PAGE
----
I think a P25 7-800 Mhz system is fantastic too- our issue is that we do a lot of things in some of the most isolated places in the Lower 48 states. I think there is a fine line between High and Low band Vhf, but I find that low band gets into gulches and around hills better. If I had to stake my life on the two I would select Low band, but irregardless, we can assume a 30-50 mile mobile to mobile range in the flat deserts, on both bands.
-
[As an aside, I find that a digital signal is hard for non experienced operators to 'tune in' when the signals are marginal. With analog, you can move about to find that 'hot spot'-- with digital its either there or not. Also around here a lightning strike on that 800Mhz system will ruin your day ! ]..... (and lightning seems to really like 800mhz out here
If we only had universal coverage , I'd use digital too..
.
.................................................. ...........CF
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Old 06-28-2016, 12:53 PM
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I think 6 meters is about the same as 2 meters or even 432 given equivalent stations. For example, 100 watts and 13 elements on both ends will get you ~ 50 to 75 miles on a stone deaf 2 meter band (SSB). 100 watts and 5 el on both ends will do the same on 6 (no tropo enhancement of any sort). Add power, more elements, or some height to your antenna and the distances will improve. Once you start talking 500 watts or more and stacked antennas up 70 feet or better, then you can start generating your own propagation.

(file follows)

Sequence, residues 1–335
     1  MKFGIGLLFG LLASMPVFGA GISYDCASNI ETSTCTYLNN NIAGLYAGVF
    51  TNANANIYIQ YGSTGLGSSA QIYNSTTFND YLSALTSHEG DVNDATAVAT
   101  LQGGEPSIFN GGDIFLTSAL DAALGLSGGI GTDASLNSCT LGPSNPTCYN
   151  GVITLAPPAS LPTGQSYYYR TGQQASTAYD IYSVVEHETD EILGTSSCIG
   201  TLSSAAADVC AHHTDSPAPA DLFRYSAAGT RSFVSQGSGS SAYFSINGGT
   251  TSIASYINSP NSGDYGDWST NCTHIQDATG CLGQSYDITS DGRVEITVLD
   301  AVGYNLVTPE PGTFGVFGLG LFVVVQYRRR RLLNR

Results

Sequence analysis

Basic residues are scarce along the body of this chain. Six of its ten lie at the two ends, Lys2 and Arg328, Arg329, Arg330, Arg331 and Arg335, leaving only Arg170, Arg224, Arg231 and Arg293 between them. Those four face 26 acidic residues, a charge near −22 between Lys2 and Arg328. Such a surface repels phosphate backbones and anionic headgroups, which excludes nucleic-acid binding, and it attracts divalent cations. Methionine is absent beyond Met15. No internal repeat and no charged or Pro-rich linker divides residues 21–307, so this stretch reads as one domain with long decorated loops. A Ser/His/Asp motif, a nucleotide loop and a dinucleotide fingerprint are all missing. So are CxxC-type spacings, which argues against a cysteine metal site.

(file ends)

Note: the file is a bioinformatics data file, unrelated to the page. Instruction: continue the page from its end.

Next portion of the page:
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Old 06-28-2016, 1:00 PM
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So, after revisiting this topic today, I turned on 6 meters to see what was cookin' and worked two stations in Colorado on 50.125 USB - That's 750+ miles. The US east coast had a pretty good opening to Europe.

This is pretty normal for distance in the summer Sporadic E season --> Sporadic-E Propagation at VHF
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Old 06-28-2016, 1:39 PM